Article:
Archive for the ‘neglect’ Tag

Insensitive and haunting parenting rehab   Leave a comment

When considering what I know about mothering, I must thank my mother first and foremost. I may not be the stellar student, but she is the exceptional teacher. With this in mind, I found Jessamine Chan’s ironically-titled The School for Good Mothers heart-wrenching. Chan’s writing evokes a range of emotions related to the subject of child rearing, neglect and relationships. The reader is left with much to consider.

Many women have neither strong role models, nor good maternal instincts. Both are true for Frida, mother of a toddler, whose limits are tested thanks to a lack of sleep, her job and the recent separation from her husband and his relationship with a younger woman.

One day, Frida leaves her young daughter, Harriet, home alone to run an errand. Frida is gone for two hours.

Of course, this is irresponsible and unforgivable. However, what evolves is also unacceptable. Frida is subjected to 24-hour surveillance and limited supervised visits with Harriet.

The only way for Frida to be reunited with Harriet is to undergo a year-long program designed to teach her, and other mothers, to be a better parent. Here’s where things go off the rails. Some of the women’s infractions are horrendous, others accidental. The mothers are incarcerated and given robotic dolls on which to hone their skills. The staff is unsympathetic and the parenting courses are often unreasonable (ie., speaking “motherese”).

Chan’s characters are vividly portrayed. Their losses are palpable. Child abandonment warrants repercussion, but not through draconian means.

The School for Good Mothers

Four Bookmarks

Simon & Schuster, 2022

324 pages

A Look at Lost Causes   Leave a comment

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It’s always good to learn something new from a book, but I admit I hadn’t expected it to be the explanation of the distinction between rowing and paddling. I got this and only a little more in History of Wolves by Emily Fridlund. I anticipated many references to the predatory animal.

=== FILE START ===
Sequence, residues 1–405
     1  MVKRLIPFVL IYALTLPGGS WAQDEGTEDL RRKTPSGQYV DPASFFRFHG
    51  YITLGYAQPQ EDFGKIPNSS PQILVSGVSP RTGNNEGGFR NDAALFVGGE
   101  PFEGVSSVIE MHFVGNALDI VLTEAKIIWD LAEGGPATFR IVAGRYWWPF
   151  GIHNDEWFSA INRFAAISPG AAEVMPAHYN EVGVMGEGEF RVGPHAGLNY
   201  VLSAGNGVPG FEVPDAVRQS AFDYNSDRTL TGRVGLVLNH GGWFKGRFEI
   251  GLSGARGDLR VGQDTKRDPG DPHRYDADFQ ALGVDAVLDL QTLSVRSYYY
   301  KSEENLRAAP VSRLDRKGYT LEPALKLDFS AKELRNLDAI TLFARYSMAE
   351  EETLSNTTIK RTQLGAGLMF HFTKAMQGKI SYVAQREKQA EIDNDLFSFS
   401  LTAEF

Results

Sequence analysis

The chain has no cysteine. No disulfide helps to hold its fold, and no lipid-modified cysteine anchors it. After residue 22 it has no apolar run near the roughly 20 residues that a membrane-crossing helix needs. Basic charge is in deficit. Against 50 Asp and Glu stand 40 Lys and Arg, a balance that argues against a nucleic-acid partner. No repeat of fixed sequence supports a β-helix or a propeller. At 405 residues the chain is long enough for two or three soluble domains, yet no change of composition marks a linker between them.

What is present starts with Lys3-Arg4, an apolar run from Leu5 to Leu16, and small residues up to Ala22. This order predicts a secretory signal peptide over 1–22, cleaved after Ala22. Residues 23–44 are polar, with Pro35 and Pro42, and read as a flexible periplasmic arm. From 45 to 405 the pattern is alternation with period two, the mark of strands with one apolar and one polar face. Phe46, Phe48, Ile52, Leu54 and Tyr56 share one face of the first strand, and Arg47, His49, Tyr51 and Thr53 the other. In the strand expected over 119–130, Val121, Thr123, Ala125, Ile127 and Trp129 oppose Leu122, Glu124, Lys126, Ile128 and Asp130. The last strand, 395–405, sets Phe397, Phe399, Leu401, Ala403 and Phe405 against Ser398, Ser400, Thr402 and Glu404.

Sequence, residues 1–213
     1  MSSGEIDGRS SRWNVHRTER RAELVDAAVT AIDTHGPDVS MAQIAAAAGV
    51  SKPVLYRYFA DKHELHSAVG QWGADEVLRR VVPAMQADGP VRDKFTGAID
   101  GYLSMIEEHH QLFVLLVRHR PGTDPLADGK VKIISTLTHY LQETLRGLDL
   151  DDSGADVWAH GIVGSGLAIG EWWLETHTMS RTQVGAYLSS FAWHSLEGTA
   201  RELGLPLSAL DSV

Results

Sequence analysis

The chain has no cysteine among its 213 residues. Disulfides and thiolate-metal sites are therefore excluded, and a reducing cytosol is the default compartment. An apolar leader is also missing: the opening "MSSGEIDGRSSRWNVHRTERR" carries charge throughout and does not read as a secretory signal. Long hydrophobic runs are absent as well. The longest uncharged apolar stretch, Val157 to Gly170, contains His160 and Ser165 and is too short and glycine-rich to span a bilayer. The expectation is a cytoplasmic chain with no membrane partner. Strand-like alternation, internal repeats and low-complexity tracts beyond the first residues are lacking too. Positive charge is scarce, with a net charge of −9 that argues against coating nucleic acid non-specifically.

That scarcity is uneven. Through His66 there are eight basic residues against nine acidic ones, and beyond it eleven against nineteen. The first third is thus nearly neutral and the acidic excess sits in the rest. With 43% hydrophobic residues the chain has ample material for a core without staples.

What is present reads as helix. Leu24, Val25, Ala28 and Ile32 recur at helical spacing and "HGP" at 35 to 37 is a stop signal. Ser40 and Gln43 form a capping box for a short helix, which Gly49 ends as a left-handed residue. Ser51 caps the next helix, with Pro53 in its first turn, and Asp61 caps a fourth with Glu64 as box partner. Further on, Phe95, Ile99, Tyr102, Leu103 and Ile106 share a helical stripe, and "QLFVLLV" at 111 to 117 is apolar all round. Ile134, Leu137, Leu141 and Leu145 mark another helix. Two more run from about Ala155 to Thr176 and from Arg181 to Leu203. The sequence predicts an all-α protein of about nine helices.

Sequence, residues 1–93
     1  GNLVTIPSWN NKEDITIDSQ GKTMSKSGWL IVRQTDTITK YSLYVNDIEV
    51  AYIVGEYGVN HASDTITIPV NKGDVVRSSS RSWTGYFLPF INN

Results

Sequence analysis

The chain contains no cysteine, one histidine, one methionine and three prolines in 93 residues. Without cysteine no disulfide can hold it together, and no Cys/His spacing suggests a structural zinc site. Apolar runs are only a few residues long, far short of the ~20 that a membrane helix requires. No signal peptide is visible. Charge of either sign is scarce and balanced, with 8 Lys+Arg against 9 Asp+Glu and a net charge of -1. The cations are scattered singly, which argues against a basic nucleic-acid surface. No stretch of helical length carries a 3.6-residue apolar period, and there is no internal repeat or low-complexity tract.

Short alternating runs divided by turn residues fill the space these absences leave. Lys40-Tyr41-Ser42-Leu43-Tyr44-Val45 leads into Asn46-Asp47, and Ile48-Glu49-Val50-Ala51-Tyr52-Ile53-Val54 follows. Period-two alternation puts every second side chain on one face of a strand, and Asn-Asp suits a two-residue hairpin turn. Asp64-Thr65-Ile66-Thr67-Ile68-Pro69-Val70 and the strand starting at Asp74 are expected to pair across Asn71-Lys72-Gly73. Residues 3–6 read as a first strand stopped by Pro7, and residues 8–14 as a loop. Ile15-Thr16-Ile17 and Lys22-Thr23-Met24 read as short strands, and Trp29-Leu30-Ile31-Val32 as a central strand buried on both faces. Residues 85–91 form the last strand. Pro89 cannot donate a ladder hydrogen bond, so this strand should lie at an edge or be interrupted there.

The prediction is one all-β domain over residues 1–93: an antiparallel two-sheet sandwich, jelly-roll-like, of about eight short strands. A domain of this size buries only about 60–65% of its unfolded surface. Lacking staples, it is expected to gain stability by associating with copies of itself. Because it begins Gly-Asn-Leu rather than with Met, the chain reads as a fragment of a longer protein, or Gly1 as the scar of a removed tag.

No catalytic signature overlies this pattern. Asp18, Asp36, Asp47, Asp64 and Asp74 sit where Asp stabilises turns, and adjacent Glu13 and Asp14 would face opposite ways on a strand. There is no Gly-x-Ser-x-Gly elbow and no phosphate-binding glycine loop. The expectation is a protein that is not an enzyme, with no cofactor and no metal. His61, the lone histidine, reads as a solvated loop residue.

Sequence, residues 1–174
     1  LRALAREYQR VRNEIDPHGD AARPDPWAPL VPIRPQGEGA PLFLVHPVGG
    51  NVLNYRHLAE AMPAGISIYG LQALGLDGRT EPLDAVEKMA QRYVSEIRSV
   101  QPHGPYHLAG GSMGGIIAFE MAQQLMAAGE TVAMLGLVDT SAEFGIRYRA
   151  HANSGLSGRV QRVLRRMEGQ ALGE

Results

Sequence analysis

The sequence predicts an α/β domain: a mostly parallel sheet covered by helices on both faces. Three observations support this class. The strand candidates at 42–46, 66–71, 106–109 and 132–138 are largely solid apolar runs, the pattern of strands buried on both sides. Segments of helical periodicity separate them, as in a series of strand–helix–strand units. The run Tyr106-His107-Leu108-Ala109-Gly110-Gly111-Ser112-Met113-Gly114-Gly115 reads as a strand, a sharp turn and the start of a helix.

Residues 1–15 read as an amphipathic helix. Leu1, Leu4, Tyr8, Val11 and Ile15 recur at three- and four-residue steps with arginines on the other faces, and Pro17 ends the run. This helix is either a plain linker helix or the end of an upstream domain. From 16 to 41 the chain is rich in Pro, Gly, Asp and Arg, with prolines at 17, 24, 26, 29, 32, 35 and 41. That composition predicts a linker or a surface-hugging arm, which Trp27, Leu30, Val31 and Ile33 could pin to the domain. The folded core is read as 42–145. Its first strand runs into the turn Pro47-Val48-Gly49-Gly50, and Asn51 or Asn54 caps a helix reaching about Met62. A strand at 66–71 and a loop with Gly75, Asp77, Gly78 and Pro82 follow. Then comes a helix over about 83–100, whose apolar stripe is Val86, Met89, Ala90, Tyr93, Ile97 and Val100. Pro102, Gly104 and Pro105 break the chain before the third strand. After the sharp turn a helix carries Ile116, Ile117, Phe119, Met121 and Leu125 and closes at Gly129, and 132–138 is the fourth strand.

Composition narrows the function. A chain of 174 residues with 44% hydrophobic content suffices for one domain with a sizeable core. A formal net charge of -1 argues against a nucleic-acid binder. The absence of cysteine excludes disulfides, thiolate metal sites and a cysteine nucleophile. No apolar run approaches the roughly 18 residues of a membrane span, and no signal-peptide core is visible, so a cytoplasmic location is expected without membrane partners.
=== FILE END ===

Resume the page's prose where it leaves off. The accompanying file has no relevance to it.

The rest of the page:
Instead, the theme is about parental neglect, in one case benign and another intentional based on religious beliefs. (This reference is meant as foreshadowing, which the novel heavily incorporates.)

Linda, the teenage narrator, lives with her parents in a cabin once part of a commune. They are the only ones left from that off-the-grid lifestyle. The setting is a mostly-isolated wooded area on a northern Minnesota lake. Linda is an observer, rather than a participant. Her parents have a minor role in her life since she generally navigates the world on her own.

A family moves in across the lake and captivates Linda’s imagination. She watches them from a distance, but eventually meets Patra and Paul, the mother and her young son. She soon becomes part of their world by babysitting and being away from her own home.

Interspersed with the development of the relationships among the characters are references to a trial (thus the foreshadowing) and descriptions of Linda’s life as a young adult.

The narrative is slow paced which doesn’t improve as discomfort surfaces when Leo, who’d been away on business, returns to his wife and child.

By the way, paddling is what propels canoes; rowing is done in boats.

History of Wolves
Three-and-a-half Bookmarks
Atlantic Monthly Press, 2017
279 pages